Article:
Example 1 Consider the three-bus datapath shown in Figure 1.4. In addition to the PC, IR, MAR, and MDR, assume that there are 16 general-purpose registers numbered R0–R15. Also, assume that the ALU supports eight functions (add, subtract, multiply, divide, AND, OR, shift left, and shift right). Consider the add operation Add R1, R2, R0, which adds the contents of source registers R1, R2, and store the results in destination register R0. In this example, we will study the format of the microinstruction under horizontal organization. We will use horizontal microinstructions, in which there is a control bit for each control line. The format of the microinstruction should have control bits for the following: ALU operations Registers that output to out-bus1 (source 1) Registers that output to out-bus2 (source 2) Registers that input from in-bus (destination) Other operations that are not shown here The following table shows the number of bits needed for ALU, Source 1, Source 2, and destination:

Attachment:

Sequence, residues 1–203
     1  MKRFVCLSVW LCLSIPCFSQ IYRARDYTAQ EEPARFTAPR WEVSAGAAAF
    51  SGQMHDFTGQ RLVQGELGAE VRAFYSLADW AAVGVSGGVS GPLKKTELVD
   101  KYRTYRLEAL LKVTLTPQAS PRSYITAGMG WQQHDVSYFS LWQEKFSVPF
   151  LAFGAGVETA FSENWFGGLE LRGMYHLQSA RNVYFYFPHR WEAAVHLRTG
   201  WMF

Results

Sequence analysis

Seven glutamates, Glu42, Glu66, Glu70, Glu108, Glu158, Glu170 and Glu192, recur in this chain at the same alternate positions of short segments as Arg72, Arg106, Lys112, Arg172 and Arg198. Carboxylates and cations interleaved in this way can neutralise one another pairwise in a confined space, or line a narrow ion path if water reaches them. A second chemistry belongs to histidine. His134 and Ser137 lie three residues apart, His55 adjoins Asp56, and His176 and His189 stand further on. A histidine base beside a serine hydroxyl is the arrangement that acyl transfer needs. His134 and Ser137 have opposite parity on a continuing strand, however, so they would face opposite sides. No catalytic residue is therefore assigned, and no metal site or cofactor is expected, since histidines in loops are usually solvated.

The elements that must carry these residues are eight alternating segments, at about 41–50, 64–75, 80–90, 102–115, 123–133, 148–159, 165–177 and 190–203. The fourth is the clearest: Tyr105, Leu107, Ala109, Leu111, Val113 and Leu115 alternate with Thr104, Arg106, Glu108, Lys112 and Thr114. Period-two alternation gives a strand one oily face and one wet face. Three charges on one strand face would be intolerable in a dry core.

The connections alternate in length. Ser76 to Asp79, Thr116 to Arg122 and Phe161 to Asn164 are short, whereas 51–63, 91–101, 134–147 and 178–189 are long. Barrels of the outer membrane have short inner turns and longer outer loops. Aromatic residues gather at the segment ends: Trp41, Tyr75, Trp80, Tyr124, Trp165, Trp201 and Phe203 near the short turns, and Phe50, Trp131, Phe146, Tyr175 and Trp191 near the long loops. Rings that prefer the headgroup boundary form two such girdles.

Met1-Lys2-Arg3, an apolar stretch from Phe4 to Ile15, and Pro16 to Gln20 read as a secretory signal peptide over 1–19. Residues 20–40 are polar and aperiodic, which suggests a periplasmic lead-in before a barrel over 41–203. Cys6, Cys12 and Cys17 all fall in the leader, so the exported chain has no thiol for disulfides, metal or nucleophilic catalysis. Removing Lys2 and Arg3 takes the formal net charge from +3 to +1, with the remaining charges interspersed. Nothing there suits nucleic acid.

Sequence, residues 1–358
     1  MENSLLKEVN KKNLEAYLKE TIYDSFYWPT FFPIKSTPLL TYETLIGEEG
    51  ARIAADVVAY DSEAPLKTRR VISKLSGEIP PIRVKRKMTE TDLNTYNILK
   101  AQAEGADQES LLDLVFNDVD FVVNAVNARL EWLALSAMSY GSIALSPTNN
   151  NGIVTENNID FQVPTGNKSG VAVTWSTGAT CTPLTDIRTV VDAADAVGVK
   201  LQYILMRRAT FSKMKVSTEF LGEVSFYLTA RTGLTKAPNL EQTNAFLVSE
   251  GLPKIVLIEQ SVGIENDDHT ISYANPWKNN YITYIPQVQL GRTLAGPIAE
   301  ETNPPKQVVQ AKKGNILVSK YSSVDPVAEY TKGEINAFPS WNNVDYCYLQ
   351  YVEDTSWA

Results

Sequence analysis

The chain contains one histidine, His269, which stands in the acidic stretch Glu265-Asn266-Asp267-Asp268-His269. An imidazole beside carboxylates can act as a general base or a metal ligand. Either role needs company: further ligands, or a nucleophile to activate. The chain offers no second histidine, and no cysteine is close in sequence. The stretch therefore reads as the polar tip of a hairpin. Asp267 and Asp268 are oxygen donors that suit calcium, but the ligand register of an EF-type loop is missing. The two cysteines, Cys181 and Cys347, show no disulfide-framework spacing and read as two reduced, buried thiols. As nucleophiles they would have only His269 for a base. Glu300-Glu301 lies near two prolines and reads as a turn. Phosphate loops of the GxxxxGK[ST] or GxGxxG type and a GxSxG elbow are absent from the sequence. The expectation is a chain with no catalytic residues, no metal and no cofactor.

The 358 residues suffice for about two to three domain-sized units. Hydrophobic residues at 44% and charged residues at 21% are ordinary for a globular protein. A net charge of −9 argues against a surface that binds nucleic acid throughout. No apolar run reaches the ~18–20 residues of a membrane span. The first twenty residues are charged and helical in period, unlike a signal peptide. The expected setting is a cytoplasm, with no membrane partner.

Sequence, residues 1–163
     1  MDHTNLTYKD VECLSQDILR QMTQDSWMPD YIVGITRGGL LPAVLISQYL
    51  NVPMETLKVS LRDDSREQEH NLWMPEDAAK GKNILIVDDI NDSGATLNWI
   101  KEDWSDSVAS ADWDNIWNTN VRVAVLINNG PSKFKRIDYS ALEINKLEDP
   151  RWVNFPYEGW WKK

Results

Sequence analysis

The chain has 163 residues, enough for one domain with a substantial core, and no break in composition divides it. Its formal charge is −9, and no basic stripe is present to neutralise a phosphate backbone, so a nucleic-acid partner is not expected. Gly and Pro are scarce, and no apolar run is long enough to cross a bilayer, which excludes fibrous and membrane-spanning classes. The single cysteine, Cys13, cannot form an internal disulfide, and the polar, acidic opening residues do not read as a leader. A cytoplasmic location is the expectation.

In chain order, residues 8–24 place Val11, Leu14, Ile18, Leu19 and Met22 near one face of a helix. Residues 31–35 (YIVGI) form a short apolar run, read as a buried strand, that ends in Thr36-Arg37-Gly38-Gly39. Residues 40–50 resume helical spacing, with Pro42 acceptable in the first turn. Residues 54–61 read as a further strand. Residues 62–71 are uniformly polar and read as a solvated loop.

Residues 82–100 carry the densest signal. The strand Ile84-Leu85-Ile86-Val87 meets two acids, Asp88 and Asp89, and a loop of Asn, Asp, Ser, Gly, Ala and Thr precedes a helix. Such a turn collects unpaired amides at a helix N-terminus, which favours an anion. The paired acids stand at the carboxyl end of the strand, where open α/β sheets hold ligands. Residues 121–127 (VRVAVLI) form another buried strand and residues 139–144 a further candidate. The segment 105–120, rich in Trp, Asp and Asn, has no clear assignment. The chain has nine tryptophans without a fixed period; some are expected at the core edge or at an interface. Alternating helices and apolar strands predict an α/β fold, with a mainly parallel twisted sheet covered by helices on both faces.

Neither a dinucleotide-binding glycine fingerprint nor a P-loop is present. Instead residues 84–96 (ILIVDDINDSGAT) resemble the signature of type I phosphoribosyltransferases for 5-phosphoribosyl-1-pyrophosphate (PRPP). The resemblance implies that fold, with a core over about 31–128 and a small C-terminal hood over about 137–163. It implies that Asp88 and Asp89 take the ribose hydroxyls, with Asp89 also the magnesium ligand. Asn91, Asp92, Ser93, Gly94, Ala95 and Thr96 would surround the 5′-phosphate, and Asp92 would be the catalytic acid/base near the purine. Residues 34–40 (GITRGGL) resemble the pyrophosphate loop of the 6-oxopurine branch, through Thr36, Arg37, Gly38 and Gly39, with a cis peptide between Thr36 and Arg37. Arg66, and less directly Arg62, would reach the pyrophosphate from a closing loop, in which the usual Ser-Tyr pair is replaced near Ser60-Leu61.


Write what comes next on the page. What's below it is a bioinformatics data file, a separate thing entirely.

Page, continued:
The following figure shows the microinstruction for Add R1, R2, R0 on the three-bus datapath.
Example 2 In this example, we will use vertical microinstructions, in which decoders will be needed. We will use a three-bus datapath as shown in Figure 1.4. Assume that there are 16 general-purpose registers and that the ALU supports eight functions. The following tables show the encoding for ALU functions, registers connected to out-bus 1 (Source 1), registers connected to out-bus 2 (Source 2), and registers connected to in-bus (Destination).
The following figure shows the microinstruction for Add R1, R2, R0 on the three-bus datapath under vertical organization.